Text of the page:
Growing potatoes organically isn’t as challenging as some may think. It just requires a little research into soil conditions, understanding what nutrients your tubers need and when, and finally knowing what organic substances you can apply that contain those needed nutrients. The above options can easily provide those for you without all the fuss.
For those gardening in higher altitudes, potatoes are a perfect crop as they’re actually adapted to higher elevations and harsher growing conditions. If you live in a short-season climate, Queen Anne and Torino potato tubers have fast maturity times, are disease resistant, and have a long shelf life.
Modern dietary habits have gotten a bad rap for being too carb-heavy and thus, assumed unhealthy. Yes, carbs do become sugars in the body and can contribute to excess weight if we don’t use those carbs as the energy source they’re meant to be and work them off.
In reality, potatoes are actually nutrient-packed, culinary titans, and absolutely fine if eaten in moderation and as part of a varied diet. In fact, potatoes are actually high in potassium, vitamins, iron and have shown to be important factors in fighting cancer and glaucoma. They’re not quite the empty-calorie stomach fillers they’ve been made out to be.
Producing More Tubers
Phosphorus, potassium, and calcium have very positive effects on tuber replication. As we’ve discussed, nitrogen also contributes to this by increasing healthy foliage which diverts energy back to those tubers.
A second way to promote a higher yield is how deep you plant your initial tubers. Trenches no more than 8”-10” deep are recommended. You want the main stem coming from each tuber to be as long as possible. The longer it is, the more roots grow from it. Increasing the opportunity for nutrient intake and, of course, more tubers.
Applying Fertilizer to Potatoes
The final step in proper potato fertilization is understanding the kind of potatoes you’re growing. Different types of spuds have different rates of growth and harvest times. When to fertilize and how much will greatly depend on these factors. Let’s take a look at the two main categories.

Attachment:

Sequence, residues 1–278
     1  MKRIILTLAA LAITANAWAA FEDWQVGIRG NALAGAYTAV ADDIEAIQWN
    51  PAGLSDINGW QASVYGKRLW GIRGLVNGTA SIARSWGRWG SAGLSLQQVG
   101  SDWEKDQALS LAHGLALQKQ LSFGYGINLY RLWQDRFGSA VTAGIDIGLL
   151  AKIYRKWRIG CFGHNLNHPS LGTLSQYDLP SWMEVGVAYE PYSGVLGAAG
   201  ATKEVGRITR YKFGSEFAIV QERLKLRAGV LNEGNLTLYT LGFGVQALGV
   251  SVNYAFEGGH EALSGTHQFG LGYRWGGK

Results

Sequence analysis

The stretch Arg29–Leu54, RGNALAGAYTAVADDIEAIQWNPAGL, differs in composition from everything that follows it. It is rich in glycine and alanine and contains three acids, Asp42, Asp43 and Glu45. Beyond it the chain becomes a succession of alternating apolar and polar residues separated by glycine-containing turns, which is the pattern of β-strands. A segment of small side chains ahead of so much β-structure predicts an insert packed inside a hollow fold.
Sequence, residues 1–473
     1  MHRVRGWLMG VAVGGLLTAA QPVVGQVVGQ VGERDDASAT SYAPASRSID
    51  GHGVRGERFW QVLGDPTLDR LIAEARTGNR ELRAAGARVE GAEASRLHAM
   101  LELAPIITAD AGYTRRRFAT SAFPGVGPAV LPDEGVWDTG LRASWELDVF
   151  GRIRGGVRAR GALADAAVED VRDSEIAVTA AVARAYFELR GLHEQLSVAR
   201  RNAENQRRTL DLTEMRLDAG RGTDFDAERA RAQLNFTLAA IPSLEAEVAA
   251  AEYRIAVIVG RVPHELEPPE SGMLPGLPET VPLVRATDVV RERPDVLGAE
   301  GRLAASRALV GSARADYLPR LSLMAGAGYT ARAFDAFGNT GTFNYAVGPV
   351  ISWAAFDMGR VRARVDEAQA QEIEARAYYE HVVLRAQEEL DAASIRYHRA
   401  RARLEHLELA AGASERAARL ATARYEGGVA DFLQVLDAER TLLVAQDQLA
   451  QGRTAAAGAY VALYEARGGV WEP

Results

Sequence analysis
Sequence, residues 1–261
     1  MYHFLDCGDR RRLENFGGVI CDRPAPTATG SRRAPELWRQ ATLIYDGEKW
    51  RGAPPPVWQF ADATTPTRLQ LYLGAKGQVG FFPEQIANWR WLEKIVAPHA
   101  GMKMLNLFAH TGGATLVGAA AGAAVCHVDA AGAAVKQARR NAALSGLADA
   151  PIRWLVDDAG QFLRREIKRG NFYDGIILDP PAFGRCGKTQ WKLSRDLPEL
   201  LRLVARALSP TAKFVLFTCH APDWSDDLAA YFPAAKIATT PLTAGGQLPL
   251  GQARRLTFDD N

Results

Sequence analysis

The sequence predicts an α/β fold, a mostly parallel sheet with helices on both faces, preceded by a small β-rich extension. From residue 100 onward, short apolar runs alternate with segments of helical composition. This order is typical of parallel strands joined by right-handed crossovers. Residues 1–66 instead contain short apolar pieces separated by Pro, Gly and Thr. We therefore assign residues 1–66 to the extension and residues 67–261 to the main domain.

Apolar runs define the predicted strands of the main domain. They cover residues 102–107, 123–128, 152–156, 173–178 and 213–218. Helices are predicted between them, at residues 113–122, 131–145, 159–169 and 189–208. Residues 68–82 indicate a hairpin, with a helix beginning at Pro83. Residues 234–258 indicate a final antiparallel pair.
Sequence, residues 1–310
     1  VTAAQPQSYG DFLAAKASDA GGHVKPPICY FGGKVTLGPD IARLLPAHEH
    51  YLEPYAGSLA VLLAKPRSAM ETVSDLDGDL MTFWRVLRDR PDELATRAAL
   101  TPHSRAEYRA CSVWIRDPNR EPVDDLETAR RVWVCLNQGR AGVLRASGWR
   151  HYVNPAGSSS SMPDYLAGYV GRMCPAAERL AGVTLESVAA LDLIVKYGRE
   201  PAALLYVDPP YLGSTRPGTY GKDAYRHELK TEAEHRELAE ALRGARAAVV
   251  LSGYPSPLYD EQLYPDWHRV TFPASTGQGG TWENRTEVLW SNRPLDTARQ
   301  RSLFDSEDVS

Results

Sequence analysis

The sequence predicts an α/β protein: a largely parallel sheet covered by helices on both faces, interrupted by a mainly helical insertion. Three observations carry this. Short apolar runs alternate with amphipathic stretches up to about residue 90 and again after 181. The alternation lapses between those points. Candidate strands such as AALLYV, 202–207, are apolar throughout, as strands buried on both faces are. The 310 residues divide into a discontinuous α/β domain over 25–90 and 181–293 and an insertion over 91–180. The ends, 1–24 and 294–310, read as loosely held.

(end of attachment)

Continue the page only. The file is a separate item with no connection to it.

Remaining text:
Potato Plant Fertilizer For First and Second Earlies
The term “earlies” describes the early harvest times of certain potato varieties. Examples of early potatoes would be the Lady Christl and Rocket varieties. First earlies grow the fastest at 10-12 weeks to harvest, with second earlies at around 14-16 weeks. These are popular due to them being ready so early and in being so, they are far less prone to blight.
Some phosphorus-rich feeds can be applied at the time of planting, while other more balanced ones can be applied two weeks after. Continue feeding, per label instructions but stop 2 weeks prior to harvest.
Potato Plant Fertilizer For Maincrop Potatoes
Maincrop potatoes are the largest varieties that take the longest to mature. Anywhere from August to October, depending on how big you want them to get. Examples of these would be Pink Fir Apple, Maris Piper, and Sarpo Mira.
With a longer growing season comes the need for more fertilizer than earlies, roughly 25% more. Phosphorus at the time of planting is crucial for these varieties to reach a maximum size and high yield potential. A steady stream of nitrogen will keep foliage lush and effective in acquiring energy for tubers and potassium to make sure the flow of nutrients is unimpeded.
When to Fertilize Potatoes
To re-cap, depending on the condition of your soil, fertilization could begin from the moment of first planting in spring. How late into the growing season you need to continue fertilizing depends on the variety you’re growing.
How Often Should You Fertilize Potatoes?
How often you feed your spuds will be dependent on the method of an application built into your choice of feed. Quick-release options may need to be applied more frequently with the benefit being faster delivery of nutrients.
Slow-release fertilizers may only need to be added every few months for a more gradual stream of nourishment.
Verdict: Best Fertilizer For Potatoes
The verdict is in! The best fertilizer for potatoes growing in your little patch of heaven will be just as unique as you, the gardener who tends them. Specific to your particular soil conditions, climate, potato variety, and application preference.
So, what will it be? Will you choose Espoma Garden-Tone, with its exclusive Bio-tone microbe formulation that ensures a steady flow of nutrients throughout the growing season?
Or, what about good-old, dependable Miracle-Gro Performance Organics? This one has an increased ratio of potassium so you can expect a high yield and also increased resistance to disease.
Alternatively, what about Jobes Organics Vegetable and Tomato Plant Feed? This easy-to-use granular choice brings you aggressive micro-organisms that help to send nutrients to the roots faster than other slow-release feeds might, meaning your crops will grow faster and benefit from improved soil quality.
In my list of picks, I’ve included a variety of different options to meet the needs of your special potato patch for a successful and bountiful harvest. Now it’s down to you to decide.